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A count of life on planet Earth

8.7 million species inhabit Earth, say Dal researchers

- August 24, 2011

The deviled rain-peeper, first discovered in 2008 in the high Andes of southeastern Ecuador. (Alejandro Artega photo)
The deviled rain-peeper, first discovered in 2008 in the high Andes of southeastern Ecuador. (Alejandro Artega photo)

Consider how many species of animals may be on earth – every type of bird, snake, fish, ape. How high do you think you’d have to count?

Scientists have been wondering this for centuries. And now, thanks to work led by Dalhousie researchers, they have a more precise answer to work with than ever before.

Census of Marine Life scientists, led by Camilo Mora of Dalhousie and the University of Hawaii, have published a new paper in PLoS Biology estimating that there are 8.7 million species on Earth, with 6.5 million on land and 2.2 million in the ocean. The number is based on groundbreaking, analytical methods that narrow down earlier estimates.

Age-old taxonomy


In 1758, Carl Linnaeus established a system used to formally name and describe species on land and in the ocean. Since then, roughly 1.25 million have been described and catalogued into central databases. But experts estimated the total number of species could range anywhere between three million and 100 million – a sizable variance for scientists to work with.

To focus this number, lead author Dr. Mora—with co-author Boris Worm, Dalhousie biologist, as well as colleagues Derek P. Tittensor, Sina Adl, and Alastair G.B. Simpson—identified numerical patterns in the taxonomic classification system (domain, kingdom, phylum, class, order, family, genus, species). This allowed researchers to see the numerical relationships between the higher levels (domain and kingdom) and the lower levels (species and genus).

The team discovered that by using numbers from the higher taxonomic groups, like in the domain and kingdom, they were able to accurately predict the number of species. This method was proven correct when it was used to calculate the number of species in many well-researched groups like mammals, fish, and birds.

Work in progress


Although the study done by Dr. Mora’s team has already made international headlines, he thanks those scientists who came before him that paved the way for such research to be done.

“Keep in mind this study has been ongoing for 253 years,” he explains with a chuckle. “We were fortunate that a lot of information from the past had been collected and well documented. That being said, we still had to compile the information, synthesize the information, making sure everything was statistically correct. We definitely had challenges.”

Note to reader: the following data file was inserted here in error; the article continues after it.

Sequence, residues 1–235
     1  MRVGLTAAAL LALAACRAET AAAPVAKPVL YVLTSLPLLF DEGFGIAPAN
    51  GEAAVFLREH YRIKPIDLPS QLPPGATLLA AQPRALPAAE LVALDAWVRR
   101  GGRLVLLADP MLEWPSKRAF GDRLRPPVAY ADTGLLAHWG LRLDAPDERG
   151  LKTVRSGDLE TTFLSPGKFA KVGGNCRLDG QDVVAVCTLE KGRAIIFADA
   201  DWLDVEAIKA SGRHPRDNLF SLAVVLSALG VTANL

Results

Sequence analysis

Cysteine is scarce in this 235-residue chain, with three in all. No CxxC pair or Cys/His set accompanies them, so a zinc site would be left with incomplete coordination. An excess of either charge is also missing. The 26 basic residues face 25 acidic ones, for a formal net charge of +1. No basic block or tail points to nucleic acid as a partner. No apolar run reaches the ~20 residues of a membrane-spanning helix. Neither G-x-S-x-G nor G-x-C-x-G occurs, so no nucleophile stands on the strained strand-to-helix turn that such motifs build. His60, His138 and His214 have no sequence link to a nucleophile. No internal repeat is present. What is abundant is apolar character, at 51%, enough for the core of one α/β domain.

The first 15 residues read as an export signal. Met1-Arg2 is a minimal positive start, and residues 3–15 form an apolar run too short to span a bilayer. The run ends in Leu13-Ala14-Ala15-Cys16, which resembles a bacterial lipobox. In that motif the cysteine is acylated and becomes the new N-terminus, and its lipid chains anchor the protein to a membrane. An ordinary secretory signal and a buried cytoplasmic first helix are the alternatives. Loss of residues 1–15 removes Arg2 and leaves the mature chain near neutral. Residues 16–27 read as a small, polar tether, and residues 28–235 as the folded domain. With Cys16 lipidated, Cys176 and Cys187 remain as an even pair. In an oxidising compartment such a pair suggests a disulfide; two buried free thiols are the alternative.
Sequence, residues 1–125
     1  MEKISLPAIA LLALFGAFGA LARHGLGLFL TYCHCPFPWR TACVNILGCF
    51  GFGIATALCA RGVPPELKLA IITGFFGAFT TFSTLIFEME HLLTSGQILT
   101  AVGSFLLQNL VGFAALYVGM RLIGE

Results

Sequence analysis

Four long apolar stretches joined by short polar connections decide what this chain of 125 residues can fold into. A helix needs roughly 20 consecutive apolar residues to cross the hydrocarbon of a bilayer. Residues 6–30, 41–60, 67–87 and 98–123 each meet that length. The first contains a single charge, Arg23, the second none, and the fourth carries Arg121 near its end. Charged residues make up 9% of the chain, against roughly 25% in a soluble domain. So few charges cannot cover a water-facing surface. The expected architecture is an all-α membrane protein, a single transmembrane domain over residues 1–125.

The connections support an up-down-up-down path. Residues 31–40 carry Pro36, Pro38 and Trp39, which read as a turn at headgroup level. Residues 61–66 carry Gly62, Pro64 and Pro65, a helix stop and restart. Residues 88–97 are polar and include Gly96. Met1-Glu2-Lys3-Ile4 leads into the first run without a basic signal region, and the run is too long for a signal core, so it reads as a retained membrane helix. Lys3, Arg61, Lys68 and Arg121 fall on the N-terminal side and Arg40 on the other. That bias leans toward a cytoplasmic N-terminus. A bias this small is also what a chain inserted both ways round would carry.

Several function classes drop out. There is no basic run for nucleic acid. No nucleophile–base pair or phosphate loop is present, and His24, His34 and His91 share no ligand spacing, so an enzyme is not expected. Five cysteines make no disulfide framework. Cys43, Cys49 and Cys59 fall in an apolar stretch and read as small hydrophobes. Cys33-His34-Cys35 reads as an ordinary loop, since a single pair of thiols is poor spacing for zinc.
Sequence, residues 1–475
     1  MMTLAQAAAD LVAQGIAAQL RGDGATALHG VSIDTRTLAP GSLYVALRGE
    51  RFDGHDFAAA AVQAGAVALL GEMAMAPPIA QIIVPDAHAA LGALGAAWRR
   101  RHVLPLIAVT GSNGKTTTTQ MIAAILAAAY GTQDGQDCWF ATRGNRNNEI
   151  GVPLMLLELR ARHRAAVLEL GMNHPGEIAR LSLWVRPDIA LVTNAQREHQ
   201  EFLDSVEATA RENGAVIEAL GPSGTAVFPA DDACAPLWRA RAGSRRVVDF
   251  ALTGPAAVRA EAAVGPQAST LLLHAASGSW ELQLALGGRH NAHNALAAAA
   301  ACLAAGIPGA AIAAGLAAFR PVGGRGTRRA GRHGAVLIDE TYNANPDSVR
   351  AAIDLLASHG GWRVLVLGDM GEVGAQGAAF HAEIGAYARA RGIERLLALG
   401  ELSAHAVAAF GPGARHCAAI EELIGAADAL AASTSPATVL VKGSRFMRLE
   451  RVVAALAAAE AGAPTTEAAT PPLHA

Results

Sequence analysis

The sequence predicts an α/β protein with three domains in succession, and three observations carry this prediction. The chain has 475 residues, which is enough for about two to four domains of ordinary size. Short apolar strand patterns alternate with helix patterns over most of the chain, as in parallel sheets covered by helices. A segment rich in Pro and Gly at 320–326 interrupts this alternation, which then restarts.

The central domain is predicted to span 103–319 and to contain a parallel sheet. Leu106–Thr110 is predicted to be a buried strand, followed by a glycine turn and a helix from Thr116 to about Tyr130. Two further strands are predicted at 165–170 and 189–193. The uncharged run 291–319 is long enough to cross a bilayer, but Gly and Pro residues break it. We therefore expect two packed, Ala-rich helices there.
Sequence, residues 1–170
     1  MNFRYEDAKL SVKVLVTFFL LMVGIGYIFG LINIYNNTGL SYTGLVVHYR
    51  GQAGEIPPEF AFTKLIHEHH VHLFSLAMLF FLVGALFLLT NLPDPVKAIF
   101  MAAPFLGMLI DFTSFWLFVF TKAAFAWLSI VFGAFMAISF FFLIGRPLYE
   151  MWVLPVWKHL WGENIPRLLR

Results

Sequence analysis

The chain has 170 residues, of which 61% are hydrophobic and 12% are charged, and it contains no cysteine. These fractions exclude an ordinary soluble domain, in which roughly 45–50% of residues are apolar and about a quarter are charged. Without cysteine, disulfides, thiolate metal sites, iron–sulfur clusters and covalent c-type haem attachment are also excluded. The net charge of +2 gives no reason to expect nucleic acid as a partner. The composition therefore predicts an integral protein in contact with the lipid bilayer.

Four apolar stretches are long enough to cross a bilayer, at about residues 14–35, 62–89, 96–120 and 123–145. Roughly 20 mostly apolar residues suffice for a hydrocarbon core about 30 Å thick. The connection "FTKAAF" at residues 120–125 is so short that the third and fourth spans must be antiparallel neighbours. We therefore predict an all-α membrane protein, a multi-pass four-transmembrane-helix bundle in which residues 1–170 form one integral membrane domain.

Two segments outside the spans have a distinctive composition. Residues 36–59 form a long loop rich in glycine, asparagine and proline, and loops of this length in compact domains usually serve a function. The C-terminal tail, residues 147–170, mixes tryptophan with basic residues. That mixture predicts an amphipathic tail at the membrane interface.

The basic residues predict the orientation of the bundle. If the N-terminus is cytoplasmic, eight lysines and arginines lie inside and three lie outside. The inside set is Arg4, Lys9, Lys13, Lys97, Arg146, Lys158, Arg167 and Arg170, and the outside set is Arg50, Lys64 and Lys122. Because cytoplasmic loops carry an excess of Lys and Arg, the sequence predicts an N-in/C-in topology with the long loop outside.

'This was a very difficult study to undertake,” says co-author Dr. Tittensor, a research scientist working for the United Nations Environment Programme World Conservation Monitoring Centre and Microsoft Research. “We tried many different approaches over a period of several years, only to hit a brick wall each time. We had all but given up, but kept out eyes open to possible solutions to the puzzle, and when we started to work on this approach we knew we were on to something.”

Time to shape up


While this study gives the most validated estimation ever published, it also means that a overwhelming number of species have yet to be discovered, described, and catalogued – 86 per cent of all land species and 91 per cent in the ocean.

Dr. Mora says, now more than ever, there is an emphasis on narrowing down the number of species that exist given the number of species that are considered ‘threatened.’

“The question of how many species exist has intrigued scientists for centuries and the answer, coupled with research by others into species’ distribution and abundance, is particularly important now because of a host of human activities and influence are accelerating the rate of extinctions,” he explains.

“Many species may vanish before we even know of their existence, of their unique niche and function in the ecosystem, and of their potential contribution to improved human wellbeing.”  

Asks Dr. Worm, “If we do not know—even by an order of magnitude (1 million? 10 million? 100 million?)—the number of people in a nation, how could we plan for the future? It is the same with biodiversity. Humanity has committed itself to saving species from extinction, but until now we have had little real idea of even how many there are.”

“With the clock of extinction now ticking faster for many species, I believe speeding the inventory of Earth’s species merits high scientific and societal priority,” says Dr. Mora. “Renewed interest in further exploration and taxonomy could allow us to fully answer this most basic question: What lives on Earth?”


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